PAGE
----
U.S. President Barack Obama leaves the Oval office of the White House during his departure to Raleigh, North Carolina, in Washington, U.S., November 2, 2016. REUTERS/Carlos Barria
Your feedback is important to us!
We invite all our readers to share with us their views and comments about this article.
Disclaimer: Comments submitted by third parties on this site are the sole responsibility of the individual(s) whose content is submitted. The Daily Star accepts no responsibility for the content of comment(s), including, without limitation, any error, omission or inaccuracy therein. Please note that your email address will NOT appear on the site.
Alert: If you are facing problems with posting comments, please note that you must verify your email with Disqus prior to posting a comment. follow this link to make sure your account meets the requirements. (http://bit.ly/vDisqus)
Although a U.S.-backed alliance of Syrian armed groups announced the kickoff of the offensive Sunday, U.S. officials caution the fighters will first try to seal off and isolate the Daesh stronghold, a process that could take two months or longer.U.S. Marine Gen. Joseph Dunford, the top U.S. military officer, played down the idea that seizing Raqqa would be quick or easy, saying the first job was sealing off the city.The U.S. plan for Raqqa calls for an assault force of thousands of fighters from the Kurdish Peoples Defense Units, known as the YPG, and Arabs whose job it would be to take and hold the city itself, U.S. officials said.However, U.S. Special Operations Forces in northern Syria have yet to recruit enough Arabs to take and hold the Arab-dominated city, they said. Some U.S. officials and experts doubt that the United States will be able to soon field an Arab force large and strong to defeat thousands of Daesh militants who have had months to prepare a final stand.For now, the Turkey-backed force has stopped short of Al-Bab, which is about 30 kilometers from the Turkish border, U.S. officials said.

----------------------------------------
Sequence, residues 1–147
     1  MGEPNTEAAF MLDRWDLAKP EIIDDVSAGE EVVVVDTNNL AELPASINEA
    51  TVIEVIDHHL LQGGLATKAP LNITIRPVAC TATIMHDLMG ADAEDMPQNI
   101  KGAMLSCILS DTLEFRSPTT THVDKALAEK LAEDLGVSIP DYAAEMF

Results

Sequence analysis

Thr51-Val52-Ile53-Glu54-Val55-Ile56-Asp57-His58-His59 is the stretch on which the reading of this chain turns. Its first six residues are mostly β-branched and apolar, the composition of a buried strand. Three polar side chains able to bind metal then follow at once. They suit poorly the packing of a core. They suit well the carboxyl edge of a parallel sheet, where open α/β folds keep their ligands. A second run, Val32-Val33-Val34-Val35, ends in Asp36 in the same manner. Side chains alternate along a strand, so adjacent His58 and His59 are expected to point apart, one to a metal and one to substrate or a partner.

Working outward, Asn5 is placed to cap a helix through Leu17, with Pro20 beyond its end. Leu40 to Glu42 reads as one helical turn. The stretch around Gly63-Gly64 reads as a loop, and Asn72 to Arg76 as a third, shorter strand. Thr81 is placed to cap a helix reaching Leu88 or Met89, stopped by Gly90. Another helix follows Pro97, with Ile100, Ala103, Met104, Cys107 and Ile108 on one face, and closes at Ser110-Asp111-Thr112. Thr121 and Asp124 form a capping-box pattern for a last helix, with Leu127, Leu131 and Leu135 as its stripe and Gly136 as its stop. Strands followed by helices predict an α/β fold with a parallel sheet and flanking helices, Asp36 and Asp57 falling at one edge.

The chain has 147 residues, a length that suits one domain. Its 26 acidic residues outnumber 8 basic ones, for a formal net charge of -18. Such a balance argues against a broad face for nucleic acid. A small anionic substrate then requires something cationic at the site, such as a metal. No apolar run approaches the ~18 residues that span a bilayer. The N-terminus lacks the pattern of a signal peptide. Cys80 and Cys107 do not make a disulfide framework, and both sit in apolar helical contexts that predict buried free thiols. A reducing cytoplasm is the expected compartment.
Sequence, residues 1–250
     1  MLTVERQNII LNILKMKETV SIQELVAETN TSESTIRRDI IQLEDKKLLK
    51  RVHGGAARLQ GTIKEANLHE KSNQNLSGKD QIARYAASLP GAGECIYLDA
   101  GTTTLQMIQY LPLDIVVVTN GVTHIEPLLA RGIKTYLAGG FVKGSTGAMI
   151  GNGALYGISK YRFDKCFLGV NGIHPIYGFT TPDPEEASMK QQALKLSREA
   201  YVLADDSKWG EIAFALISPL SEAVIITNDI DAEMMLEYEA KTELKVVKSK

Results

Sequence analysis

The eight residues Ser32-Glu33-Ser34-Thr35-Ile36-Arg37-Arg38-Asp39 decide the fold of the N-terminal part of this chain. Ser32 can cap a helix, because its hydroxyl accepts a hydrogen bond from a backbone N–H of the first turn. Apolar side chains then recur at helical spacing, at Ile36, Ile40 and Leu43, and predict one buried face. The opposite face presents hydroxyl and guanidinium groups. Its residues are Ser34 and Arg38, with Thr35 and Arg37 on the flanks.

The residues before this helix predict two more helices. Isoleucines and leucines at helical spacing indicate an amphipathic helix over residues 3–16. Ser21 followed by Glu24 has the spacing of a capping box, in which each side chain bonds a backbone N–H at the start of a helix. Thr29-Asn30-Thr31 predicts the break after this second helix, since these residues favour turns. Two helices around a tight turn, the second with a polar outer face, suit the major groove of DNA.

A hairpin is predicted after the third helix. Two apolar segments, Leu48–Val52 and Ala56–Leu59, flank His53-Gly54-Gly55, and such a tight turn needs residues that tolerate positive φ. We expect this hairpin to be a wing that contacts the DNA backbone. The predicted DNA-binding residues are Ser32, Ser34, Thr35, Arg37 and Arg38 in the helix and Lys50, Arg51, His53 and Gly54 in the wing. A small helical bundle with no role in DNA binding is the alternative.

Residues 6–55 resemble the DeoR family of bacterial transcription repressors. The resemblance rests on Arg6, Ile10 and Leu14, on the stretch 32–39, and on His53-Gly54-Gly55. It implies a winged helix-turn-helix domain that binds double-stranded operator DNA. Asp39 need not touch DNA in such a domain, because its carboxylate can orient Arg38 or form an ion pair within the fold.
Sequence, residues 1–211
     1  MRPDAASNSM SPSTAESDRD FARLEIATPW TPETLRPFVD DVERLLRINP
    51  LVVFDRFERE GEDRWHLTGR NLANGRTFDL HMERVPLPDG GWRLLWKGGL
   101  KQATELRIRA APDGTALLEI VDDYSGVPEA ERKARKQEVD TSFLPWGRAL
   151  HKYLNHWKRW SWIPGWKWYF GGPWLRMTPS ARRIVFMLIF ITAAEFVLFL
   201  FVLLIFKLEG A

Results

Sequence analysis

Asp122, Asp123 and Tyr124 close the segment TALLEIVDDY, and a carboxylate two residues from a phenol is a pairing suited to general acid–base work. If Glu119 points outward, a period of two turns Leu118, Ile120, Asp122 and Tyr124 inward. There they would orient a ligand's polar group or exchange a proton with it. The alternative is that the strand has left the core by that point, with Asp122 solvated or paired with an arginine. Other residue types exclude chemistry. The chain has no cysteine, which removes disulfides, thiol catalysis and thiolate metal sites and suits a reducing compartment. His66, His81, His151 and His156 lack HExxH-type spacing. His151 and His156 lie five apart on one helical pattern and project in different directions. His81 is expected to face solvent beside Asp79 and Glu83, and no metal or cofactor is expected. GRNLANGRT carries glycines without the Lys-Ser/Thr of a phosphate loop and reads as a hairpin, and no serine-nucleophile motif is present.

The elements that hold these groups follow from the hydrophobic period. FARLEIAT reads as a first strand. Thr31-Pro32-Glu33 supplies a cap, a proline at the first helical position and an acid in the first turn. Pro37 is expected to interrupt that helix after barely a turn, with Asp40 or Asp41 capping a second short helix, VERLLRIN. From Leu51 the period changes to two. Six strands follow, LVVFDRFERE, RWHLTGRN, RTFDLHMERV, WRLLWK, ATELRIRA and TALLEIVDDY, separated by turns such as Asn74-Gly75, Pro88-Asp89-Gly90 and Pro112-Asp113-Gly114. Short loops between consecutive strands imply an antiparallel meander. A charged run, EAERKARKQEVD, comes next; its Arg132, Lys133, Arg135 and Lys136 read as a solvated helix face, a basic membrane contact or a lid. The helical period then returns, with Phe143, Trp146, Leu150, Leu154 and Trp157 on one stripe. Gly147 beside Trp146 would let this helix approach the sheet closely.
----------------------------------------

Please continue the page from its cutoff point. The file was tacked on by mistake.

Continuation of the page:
FOLLOW THIS ARTICLE